So one of my great loves is walking across Tooting Bec common and around and about. And sometimes I walk in the evening, which is, can be the only sort of time I can get out to be able to walk in the darkness when everyone else seems to have gone home often walking by the light of the moon, seeing foxes jump up onto bins and behind benches.

Injustice is something that burns quite hard in me. We definitely see it as our job to, as well as provide just excellent service for all of our clients, we see the many, many ways that people’s rights and wishes are kind of ground away by systems in place in the death care world that, you know, lots of those rules are sensible and important and about safety. And, and there’s just these endless rules that just seem to be kind of, I don’t know where they came from, but they don’t make any sense. So rules about whether the family can or cannot carry the coffin, carry the body of the person who’s died. When I sort of feel like it’s not really our job, it’s not really our right to say whether family are allowed to, or not allowed to carry the body of the person who’s died. It’s their person it’s not ours.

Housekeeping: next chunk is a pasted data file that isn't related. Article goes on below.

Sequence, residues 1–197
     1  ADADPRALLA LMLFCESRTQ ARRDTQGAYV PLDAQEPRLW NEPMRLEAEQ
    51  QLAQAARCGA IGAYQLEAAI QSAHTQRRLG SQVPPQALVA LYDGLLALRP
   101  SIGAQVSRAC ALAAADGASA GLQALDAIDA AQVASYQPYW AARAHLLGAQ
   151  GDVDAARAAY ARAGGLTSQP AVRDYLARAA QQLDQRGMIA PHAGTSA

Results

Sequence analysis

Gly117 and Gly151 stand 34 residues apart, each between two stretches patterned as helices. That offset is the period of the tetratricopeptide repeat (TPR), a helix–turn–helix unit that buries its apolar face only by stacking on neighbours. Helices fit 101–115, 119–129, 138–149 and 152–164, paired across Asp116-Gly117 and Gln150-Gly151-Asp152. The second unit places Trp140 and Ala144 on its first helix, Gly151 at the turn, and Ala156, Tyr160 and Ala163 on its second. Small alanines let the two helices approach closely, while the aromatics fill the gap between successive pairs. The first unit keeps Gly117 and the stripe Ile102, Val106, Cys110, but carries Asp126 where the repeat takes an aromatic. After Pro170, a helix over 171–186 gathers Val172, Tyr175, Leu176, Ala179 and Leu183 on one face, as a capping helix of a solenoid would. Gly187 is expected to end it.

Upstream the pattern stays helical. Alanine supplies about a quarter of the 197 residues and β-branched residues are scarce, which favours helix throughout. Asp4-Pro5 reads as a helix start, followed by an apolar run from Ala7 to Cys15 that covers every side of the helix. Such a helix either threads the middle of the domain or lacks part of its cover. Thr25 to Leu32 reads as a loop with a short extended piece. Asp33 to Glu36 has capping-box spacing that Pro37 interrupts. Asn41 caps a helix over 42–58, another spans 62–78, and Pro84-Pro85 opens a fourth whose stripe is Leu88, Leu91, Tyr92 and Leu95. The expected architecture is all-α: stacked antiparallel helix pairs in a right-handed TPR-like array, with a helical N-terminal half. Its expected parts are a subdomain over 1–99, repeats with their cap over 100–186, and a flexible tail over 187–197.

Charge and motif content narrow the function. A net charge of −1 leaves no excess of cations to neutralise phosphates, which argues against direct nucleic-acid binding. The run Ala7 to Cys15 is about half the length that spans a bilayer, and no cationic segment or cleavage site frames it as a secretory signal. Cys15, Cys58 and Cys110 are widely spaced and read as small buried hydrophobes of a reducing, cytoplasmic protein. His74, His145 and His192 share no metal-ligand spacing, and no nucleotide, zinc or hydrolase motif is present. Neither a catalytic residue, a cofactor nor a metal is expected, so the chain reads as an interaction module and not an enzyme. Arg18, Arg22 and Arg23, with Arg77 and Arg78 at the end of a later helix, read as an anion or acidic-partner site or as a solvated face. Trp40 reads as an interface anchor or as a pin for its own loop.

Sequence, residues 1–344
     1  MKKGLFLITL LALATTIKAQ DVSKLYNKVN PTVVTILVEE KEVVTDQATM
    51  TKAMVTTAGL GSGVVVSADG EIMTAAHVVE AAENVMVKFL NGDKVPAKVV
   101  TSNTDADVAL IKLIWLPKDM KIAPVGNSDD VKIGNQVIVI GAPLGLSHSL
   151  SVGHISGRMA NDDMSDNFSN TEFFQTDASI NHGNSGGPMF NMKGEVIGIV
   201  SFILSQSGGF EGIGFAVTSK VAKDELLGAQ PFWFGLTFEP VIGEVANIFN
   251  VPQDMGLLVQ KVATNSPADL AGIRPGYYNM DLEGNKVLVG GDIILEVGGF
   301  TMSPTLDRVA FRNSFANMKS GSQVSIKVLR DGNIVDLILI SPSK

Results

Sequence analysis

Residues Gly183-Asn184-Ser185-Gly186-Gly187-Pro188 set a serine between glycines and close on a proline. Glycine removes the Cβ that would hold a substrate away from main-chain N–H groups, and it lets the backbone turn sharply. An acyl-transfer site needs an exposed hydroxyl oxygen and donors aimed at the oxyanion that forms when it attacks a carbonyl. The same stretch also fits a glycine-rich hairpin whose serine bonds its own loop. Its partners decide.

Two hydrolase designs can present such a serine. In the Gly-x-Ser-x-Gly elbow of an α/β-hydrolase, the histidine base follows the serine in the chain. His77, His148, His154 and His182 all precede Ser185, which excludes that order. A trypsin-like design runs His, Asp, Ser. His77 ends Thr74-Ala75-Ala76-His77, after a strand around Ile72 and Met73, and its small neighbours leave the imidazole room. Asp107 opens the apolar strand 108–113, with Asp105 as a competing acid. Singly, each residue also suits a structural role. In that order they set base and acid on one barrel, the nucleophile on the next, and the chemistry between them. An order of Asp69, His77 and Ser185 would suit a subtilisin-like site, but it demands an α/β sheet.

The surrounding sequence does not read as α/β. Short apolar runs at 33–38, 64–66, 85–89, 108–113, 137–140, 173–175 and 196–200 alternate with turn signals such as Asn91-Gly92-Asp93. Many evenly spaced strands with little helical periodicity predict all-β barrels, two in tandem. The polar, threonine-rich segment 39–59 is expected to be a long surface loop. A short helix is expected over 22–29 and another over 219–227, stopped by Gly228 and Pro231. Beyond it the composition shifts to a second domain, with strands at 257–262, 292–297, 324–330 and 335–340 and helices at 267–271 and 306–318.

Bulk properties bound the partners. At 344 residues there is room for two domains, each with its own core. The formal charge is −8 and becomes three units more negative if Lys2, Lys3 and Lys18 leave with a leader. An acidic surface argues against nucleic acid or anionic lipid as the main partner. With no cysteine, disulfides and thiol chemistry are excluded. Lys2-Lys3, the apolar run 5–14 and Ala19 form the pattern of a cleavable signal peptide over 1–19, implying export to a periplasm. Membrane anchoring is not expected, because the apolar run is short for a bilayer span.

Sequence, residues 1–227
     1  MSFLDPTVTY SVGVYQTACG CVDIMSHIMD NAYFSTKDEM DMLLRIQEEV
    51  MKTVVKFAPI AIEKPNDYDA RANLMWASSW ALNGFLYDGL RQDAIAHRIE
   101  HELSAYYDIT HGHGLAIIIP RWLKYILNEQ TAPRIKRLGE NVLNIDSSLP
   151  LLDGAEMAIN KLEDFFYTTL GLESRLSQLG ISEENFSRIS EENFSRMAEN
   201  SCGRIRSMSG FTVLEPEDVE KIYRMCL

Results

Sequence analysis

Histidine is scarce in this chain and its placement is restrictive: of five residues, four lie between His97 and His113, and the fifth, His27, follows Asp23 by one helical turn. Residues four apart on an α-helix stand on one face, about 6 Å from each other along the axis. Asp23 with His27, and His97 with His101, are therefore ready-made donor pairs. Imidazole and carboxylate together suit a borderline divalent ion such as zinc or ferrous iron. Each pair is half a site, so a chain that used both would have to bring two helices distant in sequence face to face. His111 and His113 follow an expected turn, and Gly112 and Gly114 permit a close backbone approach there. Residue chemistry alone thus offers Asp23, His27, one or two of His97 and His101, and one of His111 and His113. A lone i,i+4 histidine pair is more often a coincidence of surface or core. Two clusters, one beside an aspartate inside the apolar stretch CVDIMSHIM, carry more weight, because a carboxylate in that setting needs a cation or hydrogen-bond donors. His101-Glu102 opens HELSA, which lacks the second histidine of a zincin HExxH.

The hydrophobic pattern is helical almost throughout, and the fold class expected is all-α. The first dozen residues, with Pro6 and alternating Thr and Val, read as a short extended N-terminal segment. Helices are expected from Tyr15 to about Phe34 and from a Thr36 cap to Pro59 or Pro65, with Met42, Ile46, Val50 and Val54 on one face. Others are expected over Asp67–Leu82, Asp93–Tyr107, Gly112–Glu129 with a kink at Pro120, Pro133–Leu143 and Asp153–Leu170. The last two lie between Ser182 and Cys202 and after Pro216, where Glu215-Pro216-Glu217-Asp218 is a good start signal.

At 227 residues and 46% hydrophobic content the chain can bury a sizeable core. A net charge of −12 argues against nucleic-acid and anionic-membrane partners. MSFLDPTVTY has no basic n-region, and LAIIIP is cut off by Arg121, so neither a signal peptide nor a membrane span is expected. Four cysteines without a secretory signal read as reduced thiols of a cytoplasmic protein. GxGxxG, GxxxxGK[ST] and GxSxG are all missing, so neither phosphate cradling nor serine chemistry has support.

Yeah it’s really difficult with death and dying because, for reasons I completely understand, a lot of people just don’t want to talk about it. And you know, death is so removed now. So the first time I saw a dead person was when I decided to become a funeral director and thought, well, I probably should spend some time with some dead people. And I was 27 and I did. And the overwhelming feeling I got was, I can’t believe, I can’t believe this is gonna happen to all of us. And I’m 27. And this is the first time I’m seeing this. It actually felt, like, quite shocking. Imagine if we lived in a world where, you know you, that you hadn’t seen a newborn baby until you were 27, because there was some taboo around newborn babies. For me, it feels exactly the same with death. If we don’t see the dead, that just contributes to our fear and the sensationalised thing of this one experience that we will all have ourselves once. And in terms of the people we love on multiple, multiple occasions. 

If we don’t discuss it, if we don’t bring it into the light, it kind of lurks in the shadows kind of haunting us. And one of the huge privileges of working with death and dying is it’s out front. You know, I can see the edges of it. I know what I’m afraid of. I know what it is, I know what it. I’ve got a healthy respect, I’m prepared for some experiences in my own life, but I’m not haunted. There’s nothing sensational about it. For me, it feels really, really natural.